At three sites, weedy plants were measured for their canopy volume before and after grazing at three sites in 2013 (Figure 12). Mob grazing reduced buckbrush volume compared to no grazing at Chamberlain. At Selby, mob grazing had a slight reduction in buckbrush volume compared with no change in the rotational grazed pasture. At Hayti, wormwood sage did not reduce in volume in either rotational or mob grazing. When an area was treated with 2,4-D, the cattle consumed the wormwood sage and completely defoliated the plants. It was likely that cattle were attracted to the plants due to the salty flavor of the herbicide treated plants. This may warrant further study.
2) Videos and tours
We collected video footage to document mob or intensive grazing demonstrations performed in Chamberlain, Hayti, and Quinn, SD. Videos range from 6 to 8 minutes in length and they show conditions associated with successful mob grazing operations in South Dakota. Ranchers talk candidly about their experiences with mob grazing and the methods they use to maintain profitability while attempting to improve the quality of their land. These videos are designed to target land managers already practicing mob grazing that are interested in viewing other operations and people interested in potentially implementing intensive grazing practices.
We held our annual South Dakota investigator site tour on July 15, 2013 at Quinn and Reliance, SD (Figures 13 and 14). Participants included: Sharon Clay (SDSU), Alexander Smart (SDSU), Michelle Ohrtman (SDSU), Larry Janssen (SDSU), Bronc McMurtry (SDSU), Emily Helms (SDSU), Heidi Myer (SDSU), Justin Hansen (SDSU), Martha Mamo (UNL), Jerry Volesky (UNL), Matt Stockton (UNL), Walt Schacht (UNL), Pat Guptill (Rancher SD), Randy Holmquist (Rancher SD), Judge Jessop (SD Grassland Coalition), and Steve Woodruff (NRCS, East National Technology Support Center).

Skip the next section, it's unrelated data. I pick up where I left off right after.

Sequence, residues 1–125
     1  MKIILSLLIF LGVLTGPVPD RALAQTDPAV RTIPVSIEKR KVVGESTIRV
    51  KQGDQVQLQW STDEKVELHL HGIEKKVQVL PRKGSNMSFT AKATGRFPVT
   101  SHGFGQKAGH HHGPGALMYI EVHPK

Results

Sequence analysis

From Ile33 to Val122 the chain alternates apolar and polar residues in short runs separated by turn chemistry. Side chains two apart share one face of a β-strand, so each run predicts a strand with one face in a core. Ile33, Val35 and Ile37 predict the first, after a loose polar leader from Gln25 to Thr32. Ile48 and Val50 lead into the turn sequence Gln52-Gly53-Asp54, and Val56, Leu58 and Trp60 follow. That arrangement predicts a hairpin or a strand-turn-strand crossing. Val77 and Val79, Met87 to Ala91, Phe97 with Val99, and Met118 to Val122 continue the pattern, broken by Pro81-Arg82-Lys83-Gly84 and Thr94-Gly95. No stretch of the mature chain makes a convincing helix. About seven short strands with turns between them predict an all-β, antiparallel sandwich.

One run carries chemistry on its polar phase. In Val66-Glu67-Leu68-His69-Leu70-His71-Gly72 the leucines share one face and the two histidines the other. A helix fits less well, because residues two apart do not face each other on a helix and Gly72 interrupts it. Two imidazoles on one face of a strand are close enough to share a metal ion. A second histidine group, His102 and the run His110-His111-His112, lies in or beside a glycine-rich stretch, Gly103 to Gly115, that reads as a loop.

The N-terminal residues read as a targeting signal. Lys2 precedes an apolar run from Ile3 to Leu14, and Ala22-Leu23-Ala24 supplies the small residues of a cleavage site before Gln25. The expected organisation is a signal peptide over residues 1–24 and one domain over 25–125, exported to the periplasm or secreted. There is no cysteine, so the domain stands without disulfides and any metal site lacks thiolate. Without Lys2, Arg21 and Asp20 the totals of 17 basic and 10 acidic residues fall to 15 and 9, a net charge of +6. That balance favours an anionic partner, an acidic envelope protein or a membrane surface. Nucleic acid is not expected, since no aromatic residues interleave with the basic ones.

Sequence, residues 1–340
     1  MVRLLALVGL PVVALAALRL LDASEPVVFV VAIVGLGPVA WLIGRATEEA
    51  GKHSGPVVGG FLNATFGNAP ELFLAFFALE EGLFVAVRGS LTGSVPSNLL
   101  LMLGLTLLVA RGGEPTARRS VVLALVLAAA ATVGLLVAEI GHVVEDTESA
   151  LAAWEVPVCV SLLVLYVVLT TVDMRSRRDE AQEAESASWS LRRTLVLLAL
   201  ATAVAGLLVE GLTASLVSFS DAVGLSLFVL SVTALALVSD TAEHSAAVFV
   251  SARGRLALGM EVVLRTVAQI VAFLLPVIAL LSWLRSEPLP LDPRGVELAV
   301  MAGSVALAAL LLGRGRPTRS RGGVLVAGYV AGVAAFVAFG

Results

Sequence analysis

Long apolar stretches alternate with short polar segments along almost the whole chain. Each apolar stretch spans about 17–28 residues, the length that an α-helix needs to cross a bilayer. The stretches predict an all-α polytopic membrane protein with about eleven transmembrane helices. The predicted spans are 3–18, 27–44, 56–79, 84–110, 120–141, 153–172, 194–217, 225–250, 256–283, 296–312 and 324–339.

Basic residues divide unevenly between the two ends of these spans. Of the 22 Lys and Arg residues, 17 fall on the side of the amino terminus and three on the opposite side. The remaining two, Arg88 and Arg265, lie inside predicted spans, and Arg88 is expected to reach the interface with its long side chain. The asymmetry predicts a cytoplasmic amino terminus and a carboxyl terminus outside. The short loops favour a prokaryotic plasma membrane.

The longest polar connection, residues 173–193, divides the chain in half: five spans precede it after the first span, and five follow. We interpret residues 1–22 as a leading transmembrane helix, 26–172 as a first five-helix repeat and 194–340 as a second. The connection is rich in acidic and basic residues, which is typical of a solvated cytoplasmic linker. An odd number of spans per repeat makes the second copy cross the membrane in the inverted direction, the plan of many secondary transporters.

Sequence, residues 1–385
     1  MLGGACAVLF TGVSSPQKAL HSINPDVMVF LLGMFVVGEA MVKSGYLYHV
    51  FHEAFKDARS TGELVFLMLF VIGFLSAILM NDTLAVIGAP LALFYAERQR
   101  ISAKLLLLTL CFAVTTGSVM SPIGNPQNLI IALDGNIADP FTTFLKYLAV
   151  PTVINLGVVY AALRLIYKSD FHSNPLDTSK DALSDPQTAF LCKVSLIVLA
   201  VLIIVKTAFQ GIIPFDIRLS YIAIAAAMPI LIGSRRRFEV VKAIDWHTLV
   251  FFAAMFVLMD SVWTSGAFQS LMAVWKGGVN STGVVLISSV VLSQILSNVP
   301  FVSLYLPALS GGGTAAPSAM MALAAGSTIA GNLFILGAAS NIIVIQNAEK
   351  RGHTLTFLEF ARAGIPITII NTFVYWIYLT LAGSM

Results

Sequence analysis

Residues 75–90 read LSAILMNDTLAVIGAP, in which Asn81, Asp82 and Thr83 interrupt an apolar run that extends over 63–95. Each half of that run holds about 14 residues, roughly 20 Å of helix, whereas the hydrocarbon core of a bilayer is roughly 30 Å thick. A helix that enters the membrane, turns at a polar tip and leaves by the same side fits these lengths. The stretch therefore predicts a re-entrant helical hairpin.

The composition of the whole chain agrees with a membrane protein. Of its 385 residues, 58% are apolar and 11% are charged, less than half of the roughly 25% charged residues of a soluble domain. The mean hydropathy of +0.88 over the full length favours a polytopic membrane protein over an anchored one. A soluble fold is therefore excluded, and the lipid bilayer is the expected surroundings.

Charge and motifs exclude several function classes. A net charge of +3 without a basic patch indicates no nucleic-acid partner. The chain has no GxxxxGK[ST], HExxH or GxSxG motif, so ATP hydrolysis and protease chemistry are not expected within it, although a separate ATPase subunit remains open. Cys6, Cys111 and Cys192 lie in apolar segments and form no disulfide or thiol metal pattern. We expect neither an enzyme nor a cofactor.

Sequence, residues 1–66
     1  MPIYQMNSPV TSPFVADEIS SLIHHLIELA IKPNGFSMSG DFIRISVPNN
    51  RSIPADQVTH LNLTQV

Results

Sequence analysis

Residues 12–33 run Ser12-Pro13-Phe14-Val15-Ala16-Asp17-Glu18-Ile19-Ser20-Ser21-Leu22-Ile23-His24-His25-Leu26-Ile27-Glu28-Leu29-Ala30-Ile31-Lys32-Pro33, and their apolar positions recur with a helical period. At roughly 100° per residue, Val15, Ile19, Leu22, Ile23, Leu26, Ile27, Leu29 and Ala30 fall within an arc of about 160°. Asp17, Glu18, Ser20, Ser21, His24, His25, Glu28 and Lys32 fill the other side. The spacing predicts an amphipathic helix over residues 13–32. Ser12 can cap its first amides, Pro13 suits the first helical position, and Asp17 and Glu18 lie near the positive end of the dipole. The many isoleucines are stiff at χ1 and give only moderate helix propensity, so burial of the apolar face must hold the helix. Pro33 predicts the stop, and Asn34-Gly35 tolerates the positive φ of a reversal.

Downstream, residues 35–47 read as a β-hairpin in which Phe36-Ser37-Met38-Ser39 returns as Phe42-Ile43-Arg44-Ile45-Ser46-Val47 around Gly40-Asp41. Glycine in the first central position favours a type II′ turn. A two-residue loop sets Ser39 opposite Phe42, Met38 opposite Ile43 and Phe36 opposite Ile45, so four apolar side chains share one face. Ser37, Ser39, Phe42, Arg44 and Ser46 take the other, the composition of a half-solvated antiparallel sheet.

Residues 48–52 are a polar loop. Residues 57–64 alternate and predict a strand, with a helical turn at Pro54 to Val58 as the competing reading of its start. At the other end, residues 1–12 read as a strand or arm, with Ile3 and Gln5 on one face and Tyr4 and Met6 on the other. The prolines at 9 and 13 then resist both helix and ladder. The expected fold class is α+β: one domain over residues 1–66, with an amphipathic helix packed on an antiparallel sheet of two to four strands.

3) December Annual meeting
On December 18, 2013 in Chamberlain, SD. We shared the 2013 results with the producers. Discussion focused on the soil health aspects of the study, namely soil C, and an economic analysis. We indicated that soil sampling for a long period of time would help understand the change. Producers said that they would continue mob grazing and that SDSU researchers would try to identify grant opportunities to analyze long-term soil carbon changes. The focus in 2014 will be to finish the 2 M.S. projects and work on an economic analysis with anticipated finish of the grant project in December 2015. No major plans were made for a tour. The producers really appreciated the three videos. Some said that they might be interested in a pasture walk. Doug Sieck held a pasture walk at his place in early October. The pasture walks are relatively easy to hold with little expense.
Impacts and Contributions/Outcomes
We have completed two years of the mob grazing study. So far we have gained some insight into the mechanisms governing the trampling effect and adding litter to cover bare ground in relation to stocking density, plant height, and location (influence of local plant-soil-climate factors). Mob grazing did increase the distribution of cattle manure. Producers are getting an increase in harvest efficiency, probably 40-50%, which is almost twice that over season-long continuous grazing at a moderate stocking rate. It remains to be seen how the soil health will change, ultimately affecting plant productivity. The financial and production assessment is incomplete, but we suspect that once we complete the analysis, the increases in grazing efficiencies will likely be profitable compared with less intensive rotations.
22990 Sharpe Road
New Underwood, SD 57761
Office Phone: 6055151427
34655 240th Street
Chamberlain, SD 57325
Office Phone: 6057340349
30940 130th Street
Selby, SD 57472
Office Phone: 6058487325
809 Herrick Street
Gary, SD 57237
Office Phone: 6058800658
23502 Big Foote Road
Quinn, SD 57775
Office Phone: 6053862323
45062 180th Street
Hayti, SD 57241
Office Phone: 6058807384
HC76 Box 20
Belvidere, SD 57521
Office Phone: 6053442250
25267 Holmquist Road
Reliance, SD 57569
Office Phone: 6054735356
11149 318th Ave
Eureka, SD 57437
Office Phone: 6054372285